When Final Fantasy XIII rolled out, people were frustrated about the slow pace of the game. Around 10 hours in, the game would finally open up the combat system to what it was supposed to be. The hours before being some kind of excruciatingly drawn out session with trainings-wheels on. It would then take another 10 hours to finally eject you out of the corridors into an open world to go and actually play a Japanese RPG.
Final Fantasy VII Remake is worse than XIII in that respect.
Caught in-between Eastern and Western audiences, riding on a tsunami of nostalgia, and chained to an out-of-this-world level of expectations, you can't really blame the game. But dear lord, does it make some weird choices long the way.
Remake takes about 20 hours to finally, kind of, hand-to-its-heart honestly let you fight some actual battles. Where the original swamped the player with random battles in separate boxes, Remake attempts to integrate battles into the exploration like an action game. But instead of taking note of one of the best games in its portfolio - Chrono Trigger - Square Enix decided to employ the battle system of the Kingdom Hearts series, following in the footsteps of the XIII trilogy and XV.
That in itself isn't even that bad (though the turn-based battle system is sorely missed in all of Square Enix AAA-output these days), but the game seems positively allergic to combat. Areas that might look like a traditional dungeon may contain only 3 to 4 battles with anaemic enemies that die if you as much as look at them. These tiny battle sequences only serve to fill up the space between cutscenes as Remake rides Uncharted's coat-tails in exactly the wrong manner.
It's even worse when bosses enter the fray. Final Fantasy games this godawful tendency to only and only make the first boss enemy interesting. VI had a snail that would retreat into its shell, retaliating upon your attacks. VII would do the same with a raised stinger. It would highlight the Active Time Battle system, letting you wait out your turn even if you were capable of doing something, showing the system's potential.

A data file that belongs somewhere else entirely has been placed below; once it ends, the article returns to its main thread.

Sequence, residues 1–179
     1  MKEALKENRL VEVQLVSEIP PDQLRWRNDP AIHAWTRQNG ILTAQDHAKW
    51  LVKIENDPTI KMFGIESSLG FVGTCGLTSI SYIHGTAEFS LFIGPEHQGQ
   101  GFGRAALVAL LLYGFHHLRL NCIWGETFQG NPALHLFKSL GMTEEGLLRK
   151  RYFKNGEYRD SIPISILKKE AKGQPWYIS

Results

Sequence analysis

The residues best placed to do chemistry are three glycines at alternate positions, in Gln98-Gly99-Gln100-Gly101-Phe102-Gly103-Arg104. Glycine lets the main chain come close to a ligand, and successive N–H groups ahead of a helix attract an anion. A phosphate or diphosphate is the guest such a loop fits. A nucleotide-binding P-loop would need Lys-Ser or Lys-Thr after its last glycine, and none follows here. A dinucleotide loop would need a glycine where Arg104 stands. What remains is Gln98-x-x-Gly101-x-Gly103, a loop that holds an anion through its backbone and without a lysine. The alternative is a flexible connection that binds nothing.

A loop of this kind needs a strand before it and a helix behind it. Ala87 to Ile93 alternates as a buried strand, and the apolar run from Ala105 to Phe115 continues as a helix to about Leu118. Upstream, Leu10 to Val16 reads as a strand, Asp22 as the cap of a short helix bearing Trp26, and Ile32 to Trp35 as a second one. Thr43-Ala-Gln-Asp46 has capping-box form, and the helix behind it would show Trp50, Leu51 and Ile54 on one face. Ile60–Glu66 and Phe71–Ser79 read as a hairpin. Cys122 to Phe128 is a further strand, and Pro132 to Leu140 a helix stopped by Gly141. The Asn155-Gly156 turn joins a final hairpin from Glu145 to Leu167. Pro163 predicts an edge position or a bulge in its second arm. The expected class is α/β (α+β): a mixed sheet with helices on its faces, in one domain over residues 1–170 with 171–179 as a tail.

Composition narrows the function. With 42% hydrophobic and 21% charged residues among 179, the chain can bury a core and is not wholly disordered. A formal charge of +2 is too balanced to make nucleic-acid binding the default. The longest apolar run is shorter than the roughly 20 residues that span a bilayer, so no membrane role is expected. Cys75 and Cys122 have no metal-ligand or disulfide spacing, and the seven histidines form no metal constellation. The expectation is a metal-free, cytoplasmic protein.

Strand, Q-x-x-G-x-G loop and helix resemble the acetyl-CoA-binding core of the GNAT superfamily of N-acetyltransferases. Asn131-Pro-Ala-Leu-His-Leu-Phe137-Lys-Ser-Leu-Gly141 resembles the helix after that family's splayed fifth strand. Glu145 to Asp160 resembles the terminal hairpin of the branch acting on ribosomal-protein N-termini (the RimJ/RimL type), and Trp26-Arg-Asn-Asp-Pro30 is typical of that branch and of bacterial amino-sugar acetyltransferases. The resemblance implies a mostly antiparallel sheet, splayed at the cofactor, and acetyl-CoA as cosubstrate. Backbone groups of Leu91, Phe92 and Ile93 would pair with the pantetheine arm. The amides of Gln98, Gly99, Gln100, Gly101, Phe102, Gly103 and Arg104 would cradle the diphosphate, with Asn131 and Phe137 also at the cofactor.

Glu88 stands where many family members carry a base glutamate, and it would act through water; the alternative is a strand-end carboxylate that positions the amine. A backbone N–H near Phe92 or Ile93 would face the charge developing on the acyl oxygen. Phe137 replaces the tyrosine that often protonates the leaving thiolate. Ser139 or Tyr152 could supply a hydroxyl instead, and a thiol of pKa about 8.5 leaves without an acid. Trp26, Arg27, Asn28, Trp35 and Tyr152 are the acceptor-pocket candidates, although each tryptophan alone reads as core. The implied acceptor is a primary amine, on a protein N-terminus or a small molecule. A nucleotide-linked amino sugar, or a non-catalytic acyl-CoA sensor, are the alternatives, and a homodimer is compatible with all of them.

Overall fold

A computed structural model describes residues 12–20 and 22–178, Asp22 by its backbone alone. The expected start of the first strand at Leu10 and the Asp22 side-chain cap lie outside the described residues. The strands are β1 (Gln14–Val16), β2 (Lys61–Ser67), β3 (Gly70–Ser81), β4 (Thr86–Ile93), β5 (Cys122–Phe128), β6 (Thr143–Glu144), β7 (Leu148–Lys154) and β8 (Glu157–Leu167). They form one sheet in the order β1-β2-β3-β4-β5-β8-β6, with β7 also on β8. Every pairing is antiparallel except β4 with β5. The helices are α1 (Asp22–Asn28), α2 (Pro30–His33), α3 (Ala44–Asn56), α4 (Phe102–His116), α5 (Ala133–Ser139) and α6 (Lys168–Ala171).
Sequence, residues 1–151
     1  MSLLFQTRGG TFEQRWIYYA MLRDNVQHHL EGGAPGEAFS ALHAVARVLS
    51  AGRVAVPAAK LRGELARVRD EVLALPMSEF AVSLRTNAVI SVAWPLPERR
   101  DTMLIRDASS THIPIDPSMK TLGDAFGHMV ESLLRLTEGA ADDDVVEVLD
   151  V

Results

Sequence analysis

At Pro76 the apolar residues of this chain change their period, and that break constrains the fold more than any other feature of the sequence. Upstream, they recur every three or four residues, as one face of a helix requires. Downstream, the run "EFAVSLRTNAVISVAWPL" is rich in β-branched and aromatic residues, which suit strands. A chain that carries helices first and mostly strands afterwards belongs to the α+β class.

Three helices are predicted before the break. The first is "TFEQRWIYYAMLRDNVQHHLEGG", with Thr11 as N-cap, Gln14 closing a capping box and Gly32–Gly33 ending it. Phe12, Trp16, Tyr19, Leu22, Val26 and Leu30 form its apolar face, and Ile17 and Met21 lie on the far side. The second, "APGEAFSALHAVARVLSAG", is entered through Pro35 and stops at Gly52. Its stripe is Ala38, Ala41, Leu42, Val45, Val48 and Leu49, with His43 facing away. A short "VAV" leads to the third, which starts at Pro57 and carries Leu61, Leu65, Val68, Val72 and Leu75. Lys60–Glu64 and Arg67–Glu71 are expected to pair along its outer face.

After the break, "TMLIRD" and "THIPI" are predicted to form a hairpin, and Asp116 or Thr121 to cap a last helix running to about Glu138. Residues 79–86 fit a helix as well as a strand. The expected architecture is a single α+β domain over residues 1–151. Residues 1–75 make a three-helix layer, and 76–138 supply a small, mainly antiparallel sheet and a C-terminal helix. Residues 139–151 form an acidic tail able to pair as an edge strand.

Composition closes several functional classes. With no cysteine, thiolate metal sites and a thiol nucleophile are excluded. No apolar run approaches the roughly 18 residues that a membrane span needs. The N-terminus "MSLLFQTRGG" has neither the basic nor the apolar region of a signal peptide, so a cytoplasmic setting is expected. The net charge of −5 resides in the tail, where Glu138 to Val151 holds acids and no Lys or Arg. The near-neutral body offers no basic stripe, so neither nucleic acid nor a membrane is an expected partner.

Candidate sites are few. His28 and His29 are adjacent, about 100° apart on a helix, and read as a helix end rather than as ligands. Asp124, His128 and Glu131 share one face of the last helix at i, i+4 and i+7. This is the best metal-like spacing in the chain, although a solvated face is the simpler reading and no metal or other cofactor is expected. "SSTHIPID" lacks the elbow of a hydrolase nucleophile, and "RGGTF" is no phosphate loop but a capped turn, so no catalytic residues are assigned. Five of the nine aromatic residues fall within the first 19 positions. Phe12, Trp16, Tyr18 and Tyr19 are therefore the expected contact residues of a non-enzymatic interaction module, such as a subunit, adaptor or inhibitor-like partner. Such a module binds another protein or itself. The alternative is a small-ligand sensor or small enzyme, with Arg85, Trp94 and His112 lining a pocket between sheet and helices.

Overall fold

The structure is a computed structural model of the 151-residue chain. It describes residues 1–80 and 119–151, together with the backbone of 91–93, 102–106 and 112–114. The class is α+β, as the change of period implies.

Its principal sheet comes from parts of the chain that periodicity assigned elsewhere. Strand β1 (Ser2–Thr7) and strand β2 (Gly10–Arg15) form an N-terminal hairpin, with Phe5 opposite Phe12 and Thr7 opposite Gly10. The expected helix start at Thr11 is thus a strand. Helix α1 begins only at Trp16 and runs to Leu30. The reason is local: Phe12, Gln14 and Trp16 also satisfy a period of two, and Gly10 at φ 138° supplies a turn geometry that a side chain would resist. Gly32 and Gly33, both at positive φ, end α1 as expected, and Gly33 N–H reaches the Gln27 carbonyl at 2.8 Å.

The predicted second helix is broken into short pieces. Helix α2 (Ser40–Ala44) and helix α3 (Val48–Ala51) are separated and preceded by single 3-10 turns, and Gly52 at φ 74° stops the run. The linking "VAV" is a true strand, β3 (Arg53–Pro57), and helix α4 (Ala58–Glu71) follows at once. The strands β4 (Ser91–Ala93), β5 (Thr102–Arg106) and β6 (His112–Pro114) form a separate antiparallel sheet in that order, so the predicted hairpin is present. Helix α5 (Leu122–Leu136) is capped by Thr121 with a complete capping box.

Potential that would immediately be squandered as all other bosses degenerated into brute force slugfests. Remake is also allergic to this particular trope and attempts to fix it instead, by giving you bosses with multiple phases as if every one of them is Kefka reborn, and mechanic weaknesses that puts that snail to bloody shame. There's only one problem with that: you never ever seem to get the chance beforehand to actually learn Remake's combat system in a normal environment.
As all normal enemies are push-overs, boss battles quickly become annoying trial-and-error sequences as you scramble to discover which bit of the system you're supposed to use this time around. It makes boss battles tense, but the lack of any normal training grounds to get to grip with what you're actually doing, can do, and are supposed to do, is maddening.
So it transpires that after around 20 hours this annoying veil is finally lifted when you get access to the coliseum in Wall Market. Yes, after plodding through half of the game, you finally get to fight normal enemies at a decent level as much as you want. After 20 sodding hours, this JRPG finally lets you grind.
Doing so immediately exposes that the system was never meant to be 'grinded'. Your levels will soar upwards insanely fast, your materia will rapidly grow beyond measure, and your weapons can seemingly be upgraded without limit.
To me it's utterly baffling that Remake thinks this is the proper way of doing things. Why do you take a game that is 90% turn-based battles and change it into a combat-averse slog of cut-scenes, only to crank up the volume to 11 during boss-battles? How is this proper pacing? And why does progress seemingly break almost immediately when you do introduce multiple battles? Why on Earth are you fighting Hell House before you can properly get to grips with combat and magic in a multi-stage fight that feels more like an exam than a tense capstone.
The one redeeming feature is of course the presentation. And it hits the nostalgic feels with all the impact of a hydrogen bomb. Graphics, sound, animation, design, everything here feels authentically like the original. Compare the two directly and you wonder why both titles have over 200% the same energy, yet at the same time couldn't be further removed from each other.
Picking out the references, the updated locales, and the new-found dimensionality of the game is manna from the heavens. Combat themes kicking in pump up the adrenaline. Flashes backward and - confusingly - forward make you go teary-eyed. Watching scenes play out as they do can make your heart sing.
This is such a strange game. It's like an dissertation art-piece that is perfect yet curiously misses the goal of the original assignment by a country mile. With combat finally opening up, it's becoming better and I'm beginning to enjoy it properly. But man, those first 20 hours were annoying.
This is such a strange game.